Rulling that neither a recount nor further investigation into voting irregularities in Kratie province was warranted, the Constitutional Council on Saturday ordered only that the National Election Committee punish polling-station workers who had failed to properly seal ballot packages – a punishment NEC officials yesterday said would be light.
The Saturday hearing marked the first public inquiry ordered by the council since its investigations began two weeks ago and focused solely on documents from Kratie province, where eight out of 13 safety packets examined late last month were found to be unsealed. The opposition had called for a recount of ballots at those polling stations.
“The mistakes of the polling-station officers and ballot-counting officers in eight polling stations in Svay Chreah commune must be punished according to the law stated,” Constitutional Council president Ek Sam Ol wrote in a decision released on Saturday afternoon. “[It is the] duty of the National Election Committee to take action punishing the officers who have acted illegally.”
The hearing lasted nearly six hours but heard only from CNRP representatives and representatives of the NEC, which earlier this month ruled against the opposition on complaints of irregularities in Kratie.
Before issuing the ruling, Sam Ol called on the opposition for proof that serious wrongdoing had occurred.
“Did any violence happen for the voters, and were people able to vote secretly?” he asked CNRP lawyer Choung Choungy, who in response accused him of setting the bar too low.
“Even though there was no violence and people voted secretly, such an election could not be considered just and transparent,” Choungy said.
NEC secretary-general Tep Nytha said yesterday that the body was prepared to comply with the council’s ruling and was still deciding what form the punishment of polling station workers would take.
“We will search for them and take action based on their mistakes. We will not punish them seriously, because their salary is small.… If we punish them seriously, there would be no one working with us,” Nytha said. “This is a careless mistake. It does not affect the results of election.”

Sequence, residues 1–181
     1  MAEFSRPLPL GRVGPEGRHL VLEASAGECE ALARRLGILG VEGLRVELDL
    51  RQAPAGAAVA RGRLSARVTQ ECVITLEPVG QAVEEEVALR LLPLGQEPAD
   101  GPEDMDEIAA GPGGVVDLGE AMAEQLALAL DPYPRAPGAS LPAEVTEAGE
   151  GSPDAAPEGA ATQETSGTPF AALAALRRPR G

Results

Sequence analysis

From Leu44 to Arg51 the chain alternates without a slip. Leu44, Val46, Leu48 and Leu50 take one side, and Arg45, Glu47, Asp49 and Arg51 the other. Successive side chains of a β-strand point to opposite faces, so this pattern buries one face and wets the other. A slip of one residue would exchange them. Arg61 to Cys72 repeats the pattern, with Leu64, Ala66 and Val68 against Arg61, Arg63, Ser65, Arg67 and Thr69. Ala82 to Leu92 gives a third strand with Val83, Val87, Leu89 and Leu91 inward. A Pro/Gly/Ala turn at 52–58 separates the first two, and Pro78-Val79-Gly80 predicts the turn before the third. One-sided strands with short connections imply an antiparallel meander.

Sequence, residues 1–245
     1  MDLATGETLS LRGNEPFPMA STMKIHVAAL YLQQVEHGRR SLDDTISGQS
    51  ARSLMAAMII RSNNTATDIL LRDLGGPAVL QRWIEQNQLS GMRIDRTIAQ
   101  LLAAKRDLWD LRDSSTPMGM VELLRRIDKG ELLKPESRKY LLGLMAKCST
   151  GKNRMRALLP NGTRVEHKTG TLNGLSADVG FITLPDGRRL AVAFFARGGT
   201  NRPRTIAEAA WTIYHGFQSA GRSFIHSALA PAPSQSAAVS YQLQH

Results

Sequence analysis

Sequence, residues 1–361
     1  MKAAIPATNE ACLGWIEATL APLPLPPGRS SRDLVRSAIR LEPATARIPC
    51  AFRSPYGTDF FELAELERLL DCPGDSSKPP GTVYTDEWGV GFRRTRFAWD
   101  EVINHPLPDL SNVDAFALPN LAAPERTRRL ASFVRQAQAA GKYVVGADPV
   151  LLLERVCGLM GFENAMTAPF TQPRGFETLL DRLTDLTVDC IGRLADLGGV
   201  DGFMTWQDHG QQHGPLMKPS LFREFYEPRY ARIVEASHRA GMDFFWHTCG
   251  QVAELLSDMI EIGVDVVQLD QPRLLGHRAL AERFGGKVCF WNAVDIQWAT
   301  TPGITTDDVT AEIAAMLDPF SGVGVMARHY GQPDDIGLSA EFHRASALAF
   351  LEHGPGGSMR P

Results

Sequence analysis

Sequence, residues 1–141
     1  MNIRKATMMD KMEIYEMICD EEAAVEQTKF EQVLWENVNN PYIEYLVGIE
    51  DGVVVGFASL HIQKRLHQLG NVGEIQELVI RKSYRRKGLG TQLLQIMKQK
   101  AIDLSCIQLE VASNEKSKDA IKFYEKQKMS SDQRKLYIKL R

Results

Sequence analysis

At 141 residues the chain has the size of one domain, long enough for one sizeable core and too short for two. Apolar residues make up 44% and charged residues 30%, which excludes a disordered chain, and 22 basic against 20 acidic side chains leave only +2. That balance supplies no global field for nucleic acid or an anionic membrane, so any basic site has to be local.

Yuth Yean, chief of the Svay Chreah Commune Election Commission declined to comment on the ruling.
Monitors and the opposition, however, blasted the decision, calling it ludicrous to punish the lowest-level officials while not taking pains to censure those in charge.
“You must punish the NEC, because the law requires the NEC to be responsible for the election,” Puthea Hang, executive director of election watchdog Nicfec, said.
Cambodian Center for Human Rights president Ou Virak said further investigation should have been ordered.
If they ordered the NEC to “either open more [polling-station packages], or check the actual ballots against existing packages, it would have at least calmed many of the suspicions and accusations,” he said.
Kratie is one among six provinces that the opposition claims to have done better in than official preliminary results recognise. While the NEC results show the CPP won 68 seats to the CNRP’s 55, CNRP say its count sees it winning with 63 seats.
The party had requested that packages from more than 200 polling stations in Kratie be opened, “but they just opened a few bags”, CNRP spokesman Yim Sovann said.
“I don’t think we got a fair trial because we complained about so many things and they responded to only one point … so we are heading to the mass demonstration on September 7.”
Barring a thorough investigation into election irregularities, the CNRP has vowed to carry out a widespread demonstration one day before the NEC is set to release final election results.
At the order of the Constitutional Council, the NEC has continued to open polling records. On Friday, it opened 12 packages from Siem Reap, a number of which were unsealed. Yesterday, it opened eight from Kandal – the most hotly contested province.
Though the CNRP was shy of winning an additional seat by just 170 votes, according to analysis carried out by an independent researcher, the investigation looked at packages from only eight polling stations.
Unlike with the Kratie documents, all “Safety Packages A” – the bag containing original tally documents and ballots – were sealed. Problems appeared minimal, with a single missing form.
Ministry of Interior secretary of state Prum Sokha said the process showed irregularities were minute and would not have affected the final results.
But CNRP officials said after the verification that it had called for hundreds of bags to be checked and asked the council to investigate a raft of irregularities in the province.
Speaking to reporters following the audit, Kuoy Bunroeun said he wanted a re-vote in Sa’ang Phnom commune, where polling stations closed early.
CCHR’s Virak said there was little reason not to comply with the party’s request to see more packages opened.
“If the CNRP asked for more, we should open more.… Kandal merits quite a lot more investigation.”
ADDITIONAL REPORTING BY ABBY SEIFF